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Whether you have a couple of days or longer – the relaxed, wholesome way of life in the Falklands is sure to leave you feeling rejuvenated.
There are several tour guides and companies who offer different itineraries around the Islands – the best thing to do is to contact the guide to discuss what you are particularly interested in and then take it from there. You can contact the tourist office before or during your visit for a good starting-point.
You can hire bikes in Stanley which means you’ll be able to get into all the little nooks and crannies of Stanley and the surrounds.
If you want to travel further afield to West Falkland or the outer islands you will have to travel by light aircraft with the Falkland Islands Government Air Service (FIGAS).
Some of the best activities to experience when in the Falklands are:
One of the biggest draws to the Falklands is the stunning (and often very bold) wildlife you will come across.
You can get out and about on various Islands under your own steam and your accommodation providers will have the best tips of where to see a penguin or two close-by if you don’t want to walk far. To see the abundance of wildlife, you are probably better organising a guide or setting up a tour as some of the best spots are on private land and accessible by a 4x4 only. Tap in to your local guide’s knowledge and learn more about the different varieties of penguin, the endemic Cobb’s wren, elephant seals, sea lions and even reindeer! The tourist office can help you with this or contact your accommodation provider before your arrival.
The fishing (particularly sea trout) in the Falklands is world class! Whether it’s just first time or you are a pro – casting out into the crystal clear waters of the Falklands is a real treat.
There are all types of fishing from different locations including coastal, river and fly fishing.
The fishing season runs from September to April and visitors do not need a license to fish but be sure to check the waterways for any specific weight limits and private land access/permission. Again – the best place to get info on this is the Jetty Centre (tourist office).
Whilst you can hire equipment from some accommodation providers it’s recommended to bring your own fishing tackle.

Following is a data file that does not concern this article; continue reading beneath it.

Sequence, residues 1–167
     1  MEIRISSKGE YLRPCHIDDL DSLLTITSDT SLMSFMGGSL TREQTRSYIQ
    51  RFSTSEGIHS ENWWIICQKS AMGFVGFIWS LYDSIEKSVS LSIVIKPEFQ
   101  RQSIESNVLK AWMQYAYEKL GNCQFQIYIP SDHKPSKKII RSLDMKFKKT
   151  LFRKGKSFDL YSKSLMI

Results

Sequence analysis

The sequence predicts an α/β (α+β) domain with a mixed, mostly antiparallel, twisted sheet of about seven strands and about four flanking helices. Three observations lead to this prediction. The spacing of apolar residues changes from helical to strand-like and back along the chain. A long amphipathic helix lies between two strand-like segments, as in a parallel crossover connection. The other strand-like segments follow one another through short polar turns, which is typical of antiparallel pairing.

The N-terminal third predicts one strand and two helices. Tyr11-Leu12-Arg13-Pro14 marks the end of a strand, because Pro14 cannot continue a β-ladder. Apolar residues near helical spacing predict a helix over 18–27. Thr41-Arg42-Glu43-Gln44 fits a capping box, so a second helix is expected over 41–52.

On foot is the best way to see the Islands. The varied terrain of the Falklands makes it a hikers’ paradise but those who enjoy a gentle stroll shouldn’t be put off! Hikers can try one of the Stanley’s mountains including Tumbledown, Longdon or Two Sisters. In camp (everywhere outside of Stanley) there are a number of great routes to explore. Accommodation providers and the tourist office can give advice on the best treks and private land access.
The Falkland Islands Museum
A really good place to visit if you want to learn more about the islands and their history is the Falkland Islands Museum in Stanley. There are some fascinating artefacts which are woven into the historical tale of how earlier Falkland Islanders struggled to survive on the remote archipelago.
The sweeping white sand beaches, crooked coastlines, beautiful wildlife and vivid sunrises/sunsets out to sea provide great material for some amazing holiday snaps but also for a more in-depth photography project. Be sure to bring a camera with you when you visit.
Whale & dolphin watching
There a few companies in the Falklands who run boat tours around the islands to view the sea life. Fourteen different species of marine mammal have been spotted and recorded in Falklands’ waters including varieties of whales and dolphins. It’s also a good way to see the more secluded spots that sea lions, penguins and elephant seals occupy.
Several of the accommodation providers in the Falklands are situated on farms. This is a great opportunity to experience true Falklands living and depending on the time of year – you might be able to watch the shearing or other farm activities. At Port San Carlos you can try your hand at horse riding and/or quad biking and be sure to taste some of the homemade cakes and puddings which are offered at several accommodations.